As soon as the ray from the defender to Marcus is parallel to the sideline and pointing toward the end zone, Marcus simply bolts for the end zone and scores!
We just need to make sure of two things: (1) The other defenders never catch up, and (2) Marcus doesn’t run off the sideline.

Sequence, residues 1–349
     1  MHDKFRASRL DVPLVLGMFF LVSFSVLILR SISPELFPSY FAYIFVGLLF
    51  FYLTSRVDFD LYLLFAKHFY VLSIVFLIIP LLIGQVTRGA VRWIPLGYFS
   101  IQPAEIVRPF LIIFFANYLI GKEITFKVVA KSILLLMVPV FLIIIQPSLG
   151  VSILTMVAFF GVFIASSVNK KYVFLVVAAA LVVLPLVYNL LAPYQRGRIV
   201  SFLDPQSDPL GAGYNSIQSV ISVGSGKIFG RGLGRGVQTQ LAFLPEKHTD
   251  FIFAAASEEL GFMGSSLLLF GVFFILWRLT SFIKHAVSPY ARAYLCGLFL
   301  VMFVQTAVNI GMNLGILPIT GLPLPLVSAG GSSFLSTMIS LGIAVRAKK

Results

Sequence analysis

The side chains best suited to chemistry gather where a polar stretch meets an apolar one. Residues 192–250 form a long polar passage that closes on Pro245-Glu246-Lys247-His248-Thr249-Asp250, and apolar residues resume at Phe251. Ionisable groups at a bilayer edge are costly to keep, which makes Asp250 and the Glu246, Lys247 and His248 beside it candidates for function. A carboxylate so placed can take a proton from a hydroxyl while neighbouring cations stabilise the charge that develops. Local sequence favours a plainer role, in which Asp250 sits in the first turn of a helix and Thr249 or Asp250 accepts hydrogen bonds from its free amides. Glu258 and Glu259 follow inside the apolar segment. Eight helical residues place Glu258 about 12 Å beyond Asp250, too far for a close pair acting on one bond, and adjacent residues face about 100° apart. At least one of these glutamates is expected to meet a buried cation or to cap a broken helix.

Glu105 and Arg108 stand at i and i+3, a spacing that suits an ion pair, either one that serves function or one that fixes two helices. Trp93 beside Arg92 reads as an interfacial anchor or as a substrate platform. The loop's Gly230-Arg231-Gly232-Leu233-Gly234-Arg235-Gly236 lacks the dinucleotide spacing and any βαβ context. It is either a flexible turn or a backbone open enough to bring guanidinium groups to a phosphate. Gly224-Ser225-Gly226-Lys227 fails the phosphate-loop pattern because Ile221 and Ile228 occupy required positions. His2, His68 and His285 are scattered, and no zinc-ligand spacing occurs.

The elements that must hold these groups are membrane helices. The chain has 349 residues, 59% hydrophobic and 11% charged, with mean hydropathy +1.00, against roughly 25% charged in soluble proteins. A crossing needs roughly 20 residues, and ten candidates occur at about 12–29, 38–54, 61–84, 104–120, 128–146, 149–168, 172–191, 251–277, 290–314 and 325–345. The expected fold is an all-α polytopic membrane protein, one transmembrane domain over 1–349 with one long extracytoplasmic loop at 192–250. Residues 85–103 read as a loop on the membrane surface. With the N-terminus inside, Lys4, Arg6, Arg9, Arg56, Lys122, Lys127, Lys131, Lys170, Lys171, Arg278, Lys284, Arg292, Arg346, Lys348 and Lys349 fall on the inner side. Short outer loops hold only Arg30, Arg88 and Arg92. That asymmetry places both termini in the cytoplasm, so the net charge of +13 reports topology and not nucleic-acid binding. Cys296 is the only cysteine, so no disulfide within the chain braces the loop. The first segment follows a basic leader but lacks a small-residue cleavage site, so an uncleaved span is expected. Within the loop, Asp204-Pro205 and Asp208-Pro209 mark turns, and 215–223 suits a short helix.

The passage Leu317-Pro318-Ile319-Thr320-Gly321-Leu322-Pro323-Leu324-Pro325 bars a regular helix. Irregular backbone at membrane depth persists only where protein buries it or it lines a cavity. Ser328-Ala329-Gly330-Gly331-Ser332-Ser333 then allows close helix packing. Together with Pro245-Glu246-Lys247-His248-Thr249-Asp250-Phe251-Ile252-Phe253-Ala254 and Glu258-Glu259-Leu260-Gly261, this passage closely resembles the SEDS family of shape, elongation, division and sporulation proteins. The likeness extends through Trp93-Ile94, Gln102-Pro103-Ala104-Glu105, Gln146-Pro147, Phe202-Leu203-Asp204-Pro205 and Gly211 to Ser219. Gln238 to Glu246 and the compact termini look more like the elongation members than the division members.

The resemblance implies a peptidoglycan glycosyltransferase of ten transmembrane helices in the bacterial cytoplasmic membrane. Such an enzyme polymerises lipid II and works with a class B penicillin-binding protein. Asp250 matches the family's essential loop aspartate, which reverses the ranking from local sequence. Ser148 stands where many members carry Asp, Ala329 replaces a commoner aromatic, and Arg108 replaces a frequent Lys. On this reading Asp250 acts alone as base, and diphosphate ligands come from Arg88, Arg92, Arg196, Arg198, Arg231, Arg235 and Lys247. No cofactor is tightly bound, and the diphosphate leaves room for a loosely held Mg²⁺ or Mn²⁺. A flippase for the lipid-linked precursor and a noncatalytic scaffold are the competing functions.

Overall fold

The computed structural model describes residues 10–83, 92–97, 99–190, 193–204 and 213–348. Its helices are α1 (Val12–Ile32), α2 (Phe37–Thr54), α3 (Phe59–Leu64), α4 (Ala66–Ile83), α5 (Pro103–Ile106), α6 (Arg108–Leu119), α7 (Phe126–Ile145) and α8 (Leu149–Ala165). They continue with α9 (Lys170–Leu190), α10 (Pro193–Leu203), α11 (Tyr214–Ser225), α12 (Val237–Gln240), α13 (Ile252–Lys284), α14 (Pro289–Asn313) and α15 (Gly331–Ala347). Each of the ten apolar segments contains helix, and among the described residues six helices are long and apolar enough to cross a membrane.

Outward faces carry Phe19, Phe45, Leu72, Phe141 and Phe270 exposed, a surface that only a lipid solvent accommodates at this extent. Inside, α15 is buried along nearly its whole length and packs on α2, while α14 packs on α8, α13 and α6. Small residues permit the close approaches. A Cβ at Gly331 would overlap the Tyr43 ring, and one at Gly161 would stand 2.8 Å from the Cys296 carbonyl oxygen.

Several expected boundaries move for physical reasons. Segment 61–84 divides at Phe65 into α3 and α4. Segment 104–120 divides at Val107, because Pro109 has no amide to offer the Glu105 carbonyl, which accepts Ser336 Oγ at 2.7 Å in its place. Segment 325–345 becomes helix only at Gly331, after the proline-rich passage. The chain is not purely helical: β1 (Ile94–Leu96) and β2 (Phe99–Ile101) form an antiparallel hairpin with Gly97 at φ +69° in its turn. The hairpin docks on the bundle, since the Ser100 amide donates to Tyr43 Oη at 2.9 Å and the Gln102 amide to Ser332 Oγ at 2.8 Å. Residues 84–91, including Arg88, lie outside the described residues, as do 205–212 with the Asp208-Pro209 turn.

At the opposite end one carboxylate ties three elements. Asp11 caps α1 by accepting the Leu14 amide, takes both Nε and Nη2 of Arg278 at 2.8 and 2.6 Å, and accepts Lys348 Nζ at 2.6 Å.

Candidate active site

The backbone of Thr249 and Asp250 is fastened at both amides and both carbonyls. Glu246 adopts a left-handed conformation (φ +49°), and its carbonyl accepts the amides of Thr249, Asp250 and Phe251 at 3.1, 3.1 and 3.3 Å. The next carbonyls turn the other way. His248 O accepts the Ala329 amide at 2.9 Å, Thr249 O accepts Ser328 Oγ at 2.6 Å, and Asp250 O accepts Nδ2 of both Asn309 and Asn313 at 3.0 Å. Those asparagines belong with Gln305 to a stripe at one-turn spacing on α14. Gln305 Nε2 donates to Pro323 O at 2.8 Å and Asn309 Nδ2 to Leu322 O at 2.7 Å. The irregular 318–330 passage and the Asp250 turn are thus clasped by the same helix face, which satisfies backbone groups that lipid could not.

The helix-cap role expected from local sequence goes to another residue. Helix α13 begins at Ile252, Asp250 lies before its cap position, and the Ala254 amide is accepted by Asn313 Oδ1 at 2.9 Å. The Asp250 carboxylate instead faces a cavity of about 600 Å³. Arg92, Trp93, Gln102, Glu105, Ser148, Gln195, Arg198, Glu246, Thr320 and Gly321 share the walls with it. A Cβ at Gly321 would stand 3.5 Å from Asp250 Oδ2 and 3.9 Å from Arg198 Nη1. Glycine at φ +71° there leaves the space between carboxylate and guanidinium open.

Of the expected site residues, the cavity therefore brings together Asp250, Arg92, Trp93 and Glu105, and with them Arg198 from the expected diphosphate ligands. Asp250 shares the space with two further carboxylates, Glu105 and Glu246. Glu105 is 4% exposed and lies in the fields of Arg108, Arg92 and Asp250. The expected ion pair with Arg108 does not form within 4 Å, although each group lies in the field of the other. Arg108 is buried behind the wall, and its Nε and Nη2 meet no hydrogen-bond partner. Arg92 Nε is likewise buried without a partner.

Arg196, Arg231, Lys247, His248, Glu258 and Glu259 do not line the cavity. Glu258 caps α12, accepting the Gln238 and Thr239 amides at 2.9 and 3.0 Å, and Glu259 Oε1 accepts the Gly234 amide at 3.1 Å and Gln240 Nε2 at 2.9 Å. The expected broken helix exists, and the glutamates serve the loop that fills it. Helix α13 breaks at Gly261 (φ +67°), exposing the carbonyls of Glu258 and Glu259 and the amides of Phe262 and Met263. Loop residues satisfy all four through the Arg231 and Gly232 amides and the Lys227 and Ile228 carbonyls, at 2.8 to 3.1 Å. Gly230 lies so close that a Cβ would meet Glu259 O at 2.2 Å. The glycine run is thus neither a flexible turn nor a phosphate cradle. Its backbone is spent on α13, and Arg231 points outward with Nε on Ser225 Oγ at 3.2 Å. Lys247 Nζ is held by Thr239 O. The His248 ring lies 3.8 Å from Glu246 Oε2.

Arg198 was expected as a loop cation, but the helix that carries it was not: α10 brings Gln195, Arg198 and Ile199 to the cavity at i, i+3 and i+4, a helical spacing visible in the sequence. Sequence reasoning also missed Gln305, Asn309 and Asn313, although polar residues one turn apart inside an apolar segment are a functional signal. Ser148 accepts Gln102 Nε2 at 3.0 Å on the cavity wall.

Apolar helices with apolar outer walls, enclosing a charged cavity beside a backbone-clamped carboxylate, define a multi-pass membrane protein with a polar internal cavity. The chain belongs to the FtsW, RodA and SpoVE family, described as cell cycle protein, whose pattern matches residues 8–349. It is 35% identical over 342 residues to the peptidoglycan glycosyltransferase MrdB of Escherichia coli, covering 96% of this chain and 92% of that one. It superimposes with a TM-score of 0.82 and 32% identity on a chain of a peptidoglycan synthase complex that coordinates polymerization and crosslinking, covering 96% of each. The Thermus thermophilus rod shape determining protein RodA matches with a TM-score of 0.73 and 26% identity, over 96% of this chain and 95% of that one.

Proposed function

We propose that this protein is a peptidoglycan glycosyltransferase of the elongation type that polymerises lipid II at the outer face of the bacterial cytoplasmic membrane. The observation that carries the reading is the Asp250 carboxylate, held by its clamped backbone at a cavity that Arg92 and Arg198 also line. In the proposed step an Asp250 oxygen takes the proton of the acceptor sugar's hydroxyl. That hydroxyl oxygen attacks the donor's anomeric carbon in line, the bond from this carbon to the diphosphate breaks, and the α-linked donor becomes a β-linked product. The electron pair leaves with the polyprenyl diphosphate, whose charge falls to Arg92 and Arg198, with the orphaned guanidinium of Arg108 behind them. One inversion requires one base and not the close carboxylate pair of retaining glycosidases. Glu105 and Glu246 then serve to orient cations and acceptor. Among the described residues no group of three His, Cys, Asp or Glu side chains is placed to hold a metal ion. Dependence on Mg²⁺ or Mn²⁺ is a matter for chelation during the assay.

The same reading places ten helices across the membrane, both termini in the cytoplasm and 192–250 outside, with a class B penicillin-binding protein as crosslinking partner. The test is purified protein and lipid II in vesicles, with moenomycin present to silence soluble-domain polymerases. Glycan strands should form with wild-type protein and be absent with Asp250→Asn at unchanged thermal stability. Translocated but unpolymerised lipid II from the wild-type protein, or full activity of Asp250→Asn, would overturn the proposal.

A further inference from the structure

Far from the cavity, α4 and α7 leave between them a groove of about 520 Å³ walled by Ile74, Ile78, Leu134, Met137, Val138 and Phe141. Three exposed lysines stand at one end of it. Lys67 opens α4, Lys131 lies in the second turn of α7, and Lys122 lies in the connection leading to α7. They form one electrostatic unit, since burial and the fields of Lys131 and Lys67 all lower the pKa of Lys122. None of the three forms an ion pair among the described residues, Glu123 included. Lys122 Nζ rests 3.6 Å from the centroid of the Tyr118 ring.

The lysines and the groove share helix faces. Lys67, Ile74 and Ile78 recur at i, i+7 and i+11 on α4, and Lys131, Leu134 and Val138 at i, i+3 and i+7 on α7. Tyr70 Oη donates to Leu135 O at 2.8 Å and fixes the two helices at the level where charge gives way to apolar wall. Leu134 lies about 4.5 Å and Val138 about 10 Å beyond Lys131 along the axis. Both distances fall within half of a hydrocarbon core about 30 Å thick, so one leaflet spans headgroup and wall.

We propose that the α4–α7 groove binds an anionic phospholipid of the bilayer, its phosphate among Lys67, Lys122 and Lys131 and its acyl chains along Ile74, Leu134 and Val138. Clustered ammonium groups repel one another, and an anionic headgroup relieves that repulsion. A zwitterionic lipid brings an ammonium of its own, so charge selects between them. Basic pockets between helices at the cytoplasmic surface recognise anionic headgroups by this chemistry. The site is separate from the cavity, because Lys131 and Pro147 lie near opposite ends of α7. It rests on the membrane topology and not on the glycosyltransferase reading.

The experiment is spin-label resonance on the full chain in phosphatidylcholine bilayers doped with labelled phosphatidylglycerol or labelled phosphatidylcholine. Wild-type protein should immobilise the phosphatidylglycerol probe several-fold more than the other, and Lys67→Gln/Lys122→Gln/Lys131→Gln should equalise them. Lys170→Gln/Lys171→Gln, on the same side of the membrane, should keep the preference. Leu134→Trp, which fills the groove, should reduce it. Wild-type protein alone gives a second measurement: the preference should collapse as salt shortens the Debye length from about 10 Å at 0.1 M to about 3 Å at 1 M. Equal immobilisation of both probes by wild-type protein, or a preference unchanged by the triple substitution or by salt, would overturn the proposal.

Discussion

To see how Marcus fares against the other defenders: Until Marcus enters the rotating phase of the strategy, he runs directly for the end zone. So, during that time, the other defenders’ yard lines will all stay at least 55 away from him, because he started at the 20-yard line and all the rest of them started at the 25-yard line on the other half. Once he starts the rotating phase, let’s look at how the downfield defender moves compared to the other defenders. In the worst case, they all move by just under 26.442 yards, and they move directly at each other. Even then, the difference in yard lines between the forward defender and the other defenders can only close by 2 × 26.442 < 53 yards. Since 53 < 55, even after executing the rotating phase, Marcus is still at least 2 yards ahead of the other defenders, too. He then runs straight for the touchdown. And to see whether Marcus can stay in bounds: A football field is 53 1/3 yards wide, so from the center there are 26 2/3 yards to either sideline. If the defender went straight for the sideline, then at the end of the rotation phase, there the defender's gap to sideline would be at least 26.6666 - 26.442 = 0.2246 yards. That's a bit troubling because it's smaller than the rotation radius R = 1.01 yards that Marcus is using. Fortunately, by the time the defender is near the sideline, Marcus will have completed enough of his rotation to stay inbounds. Note that arccos(0.2246/1.01) is less than 77.16 degrees. So as long as Marcus has made it at least 90 + 77.16 = 167.16 degrees around the defender’s circle by the time the defender gets within one yard of the sideline, he will stay inbounds. But it only takes Marcus (167.16/180)*26.442 < 24.56 yards to rotate that far around the circle. So by the time Marcus has crossed the rotation threshold at which the defender can no longer push him out of bounds, the defender is still over two yards away from the sideline. So even if the defender continues straight toward the sideline from then on, Marcus will remain in bounds. Therefore Marcus scores! Since Marcus is able to cross the goal line, which is equivalent to the 0-yard line, the answer to the problem is 0.